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Dec. 6, 1942

Dear Folks,

All the news from home has been most welcome. That about the launching of the Julia Ward Howe was particularly interesting, though there seems to have been a great stink about the inefficiency of the South Portland yards.

Never heard the term “Fleet Air Arm” applied to that part of our navy to which it might very appropriately be applied. + + + As for the pitch pine, I doubt if there ever was much in the Sandwich-Tamworth country, but don’t forget there is a lot arond Conway and considerable along the road to Chocorua that misses Tamworth.

Ma, you seem to have seen quite a bit of my “dear” cousins, Oliver and Chan, but that should be for their improvement—something there’s still plenty of room for, no doubt. As a matter of fact Oliver is going to be all right, isn’t he? I must see if Jan can be reached in these parts if he is here still. If Susie inquires, tell her I hope to be able to get in touch with her son, but that it might well prove nearly impossible. So Nance has been broadcasting as well! The closest I ever came to it was talking (making announcements) ovcer the loud speaker at Jax when on watch, for which I got a compliment or two. And she may be heading for Des Moines tomorrow.

Toulon I remember pretty well—hideous beggars, fezzed carpet sellers, small boats moored by the diry waterfront and others plying back and forth between the shore and the gray warships (some lighter gray with very young-looking midshipment in charge of their boats), sailors with red topnots, our descent into the submarine, Thanksgiving dinner at a restaurant (good string beans), etc., etc.

The Cocoanut Grove affair was shocking, wasn’t it? but I couldn’t find any familiar looking names on the grim casualty lists—happily.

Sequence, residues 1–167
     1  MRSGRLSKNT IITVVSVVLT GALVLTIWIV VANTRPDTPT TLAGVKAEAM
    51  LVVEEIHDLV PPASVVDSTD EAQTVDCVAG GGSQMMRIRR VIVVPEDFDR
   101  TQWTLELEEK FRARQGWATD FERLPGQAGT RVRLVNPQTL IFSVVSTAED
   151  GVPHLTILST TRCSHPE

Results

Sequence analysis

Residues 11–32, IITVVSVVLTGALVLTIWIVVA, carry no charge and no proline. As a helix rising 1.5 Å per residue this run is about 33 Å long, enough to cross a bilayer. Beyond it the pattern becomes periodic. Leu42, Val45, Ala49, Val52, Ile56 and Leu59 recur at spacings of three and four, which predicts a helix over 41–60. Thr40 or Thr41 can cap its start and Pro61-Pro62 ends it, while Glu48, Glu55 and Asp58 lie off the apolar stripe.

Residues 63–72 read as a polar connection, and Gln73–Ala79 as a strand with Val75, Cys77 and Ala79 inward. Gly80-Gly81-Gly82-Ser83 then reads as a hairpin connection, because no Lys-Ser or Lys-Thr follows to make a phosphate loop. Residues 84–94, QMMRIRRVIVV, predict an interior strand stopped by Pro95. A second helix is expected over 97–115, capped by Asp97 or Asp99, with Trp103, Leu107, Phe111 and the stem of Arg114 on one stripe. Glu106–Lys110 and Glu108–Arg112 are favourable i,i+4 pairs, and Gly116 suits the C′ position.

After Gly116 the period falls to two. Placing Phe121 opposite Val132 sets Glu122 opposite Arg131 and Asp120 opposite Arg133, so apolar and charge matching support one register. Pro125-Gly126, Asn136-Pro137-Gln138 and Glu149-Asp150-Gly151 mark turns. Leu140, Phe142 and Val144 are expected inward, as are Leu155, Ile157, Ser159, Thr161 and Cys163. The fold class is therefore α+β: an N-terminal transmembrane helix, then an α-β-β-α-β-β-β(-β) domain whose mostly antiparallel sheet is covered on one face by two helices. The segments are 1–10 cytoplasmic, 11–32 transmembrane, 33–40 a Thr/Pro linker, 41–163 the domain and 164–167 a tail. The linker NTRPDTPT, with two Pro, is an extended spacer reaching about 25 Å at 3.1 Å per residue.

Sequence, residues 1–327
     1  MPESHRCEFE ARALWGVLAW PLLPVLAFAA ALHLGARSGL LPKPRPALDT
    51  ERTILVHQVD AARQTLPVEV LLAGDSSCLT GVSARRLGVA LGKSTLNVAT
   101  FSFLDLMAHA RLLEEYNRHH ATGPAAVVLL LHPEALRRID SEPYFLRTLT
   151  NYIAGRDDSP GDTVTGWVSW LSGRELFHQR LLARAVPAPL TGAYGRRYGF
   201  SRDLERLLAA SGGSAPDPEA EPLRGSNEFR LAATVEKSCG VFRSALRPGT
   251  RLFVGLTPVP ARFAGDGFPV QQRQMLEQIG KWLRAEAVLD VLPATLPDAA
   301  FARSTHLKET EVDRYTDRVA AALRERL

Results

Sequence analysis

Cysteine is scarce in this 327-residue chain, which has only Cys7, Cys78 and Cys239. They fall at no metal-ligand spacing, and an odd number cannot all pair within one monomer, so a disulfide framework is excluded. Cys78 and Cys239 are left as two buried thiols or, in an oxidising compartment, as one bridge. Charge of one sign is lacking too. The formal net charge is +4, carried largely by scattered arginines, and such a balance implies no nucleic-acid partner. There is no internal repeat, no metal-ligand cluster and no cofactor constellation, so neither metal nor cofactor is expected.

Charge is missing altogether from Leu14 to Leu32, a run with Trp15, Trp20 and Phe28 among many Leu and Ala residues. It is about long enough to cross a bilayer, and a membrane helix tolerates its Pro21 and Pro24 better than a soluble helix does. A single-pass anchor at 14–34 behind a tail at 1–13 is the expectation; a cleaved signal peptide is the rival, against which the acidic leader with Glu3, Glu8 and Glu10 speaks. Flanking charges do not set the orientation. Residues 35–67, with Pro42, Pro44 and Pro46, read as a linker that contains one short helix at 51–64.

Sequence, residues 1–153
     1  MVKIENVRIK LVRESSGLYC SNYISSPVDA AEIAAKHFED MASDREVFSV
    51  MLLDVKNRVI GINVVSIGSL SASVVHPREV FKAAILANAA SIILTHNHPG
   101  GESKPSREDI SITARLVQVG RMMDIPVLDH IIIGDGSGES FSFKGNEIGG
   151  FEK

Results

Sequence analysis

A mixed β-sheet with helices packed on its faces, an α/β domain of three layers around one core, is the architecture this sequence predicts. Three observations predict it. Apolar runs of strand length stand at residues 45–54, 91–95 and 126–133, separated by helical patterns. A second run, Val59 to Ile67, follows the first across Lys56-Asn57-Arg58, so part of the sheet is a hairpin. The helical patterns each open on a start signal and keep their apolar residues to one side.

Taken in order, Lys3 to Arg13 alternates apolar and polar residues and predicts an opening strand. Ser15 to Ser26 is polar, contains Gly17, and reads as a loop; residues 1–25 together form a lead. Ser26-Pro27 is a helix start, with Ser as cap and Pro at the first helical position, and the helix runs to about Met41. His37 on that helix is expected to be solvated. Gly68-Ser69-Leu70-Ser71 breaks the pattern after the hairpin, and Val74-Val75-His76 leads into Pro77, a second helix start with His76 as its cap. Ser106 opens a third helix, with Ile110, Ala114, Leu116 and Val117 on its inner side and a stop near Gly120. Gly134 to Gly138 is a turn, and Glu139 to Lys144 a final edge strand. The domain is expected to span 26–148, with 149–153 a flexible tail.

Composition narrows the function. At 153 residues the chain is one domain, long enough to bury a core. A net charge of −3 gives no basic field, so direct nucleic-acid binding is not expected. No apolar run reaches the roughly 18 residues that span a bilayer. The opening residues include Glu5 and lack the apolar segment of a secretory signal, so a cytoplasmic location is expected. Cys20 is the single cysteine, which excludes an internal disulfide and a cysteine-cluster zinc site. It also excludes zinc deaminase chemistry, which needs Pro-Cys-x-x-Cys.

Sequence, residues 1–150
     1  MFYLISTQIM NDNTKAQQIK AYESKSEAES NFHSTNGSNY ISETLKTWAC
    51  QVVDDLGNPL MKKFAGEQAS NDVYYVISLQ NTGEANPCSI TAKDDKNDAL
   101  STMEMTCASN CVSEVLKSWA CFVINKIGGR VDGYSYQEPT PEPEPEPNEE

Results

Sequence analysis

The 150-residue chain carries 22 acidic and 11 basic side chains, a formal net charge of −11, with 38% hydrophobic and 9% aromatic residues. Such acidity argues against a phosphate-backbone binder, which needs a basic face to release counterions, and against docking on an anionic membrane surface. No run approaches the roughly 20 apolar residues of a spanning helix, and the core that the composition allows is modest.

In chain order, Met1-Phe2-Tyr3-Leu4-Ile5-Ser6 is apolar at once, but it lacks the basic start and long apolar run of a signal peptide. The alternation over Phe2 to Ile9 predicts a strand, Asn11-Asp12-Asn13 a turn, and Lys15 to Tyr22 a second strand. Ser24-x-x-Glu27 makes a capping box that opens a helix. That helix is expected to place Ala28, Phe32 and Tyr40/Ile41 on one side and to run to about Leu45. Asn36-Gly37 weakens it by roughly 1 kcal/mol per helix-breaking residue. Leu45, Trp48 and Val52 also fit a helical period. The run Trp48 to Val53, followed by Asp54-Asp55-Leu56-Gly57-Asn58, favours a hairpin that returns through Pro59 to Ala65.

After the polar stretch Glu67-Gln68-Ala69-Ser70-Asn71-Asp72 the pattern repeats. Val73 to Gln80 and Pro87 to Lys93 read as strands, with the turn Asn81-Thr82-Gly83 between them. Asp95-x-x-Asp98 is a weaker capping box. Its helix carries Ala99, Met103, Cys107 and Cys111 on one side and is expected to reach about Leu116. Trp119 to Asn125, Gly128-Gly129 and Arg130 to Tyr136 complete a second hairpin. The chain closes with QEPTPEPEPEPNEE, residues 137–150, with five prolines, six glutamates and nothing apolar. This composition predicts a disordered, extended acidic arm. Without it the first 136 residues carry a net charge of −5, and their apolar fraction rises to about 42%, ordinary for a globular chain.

Our program down here has turned into a rather informal one to say the least. The fact is the authorities can hardly be bothered with us, so we have to look out for ourselves. So far we’ve flown solos entirely, first in OS2Us, then SNJs, then SBCs, and now BTs (tomorrow I hope), all following lectures and familiarizations with the cockpits. Taking up an entirely new type of plane all by oneself does seem strange, but is fun and makes one feel somewhat accomplished. The first landing is what worries one most, but, by following instructions on instrument panel and applying what “skill” one has, one can hardly go wrong.

First day off came yesterday. The previous evening Bob Stix and I drove to Ft. Lauderdale, spending the night there and then going on to Boca Raton the next day, spending most of it on the beach there (kind lady let us use her inn as headquarters). The water is the clearest I’ve seen, fresh or salt, since Tahoe and the beach has pretty shells on it. In the evening cousins of Bob’s invited us over to the Boca Raton Club ($10,000.00 initiation fee, $5,000.00 dues a year, room $100.00 a day up—so they say) now taken over by the army, in which one [of] the cousins, a Harvard man (Weissman, ’29) is a doctor.

Life then is rather pleasant these days, but it’s not too satisfactory, not having too definite a schedule even if it’s rather a relief in some ways.

I’ve run into a very pleasant Princeton grad (Carle Tobey, ’40), who likes to play squash, likes Beethoven, which is fine because one doesn’t run into such people very often.

I never did say much about enjoying my leave, but of course I did—fully as much as expected if not more so—and seems to me quite a bit was accomplished.

Love to All


P.S. Squash racquet in press. Send balls if at all feasable.

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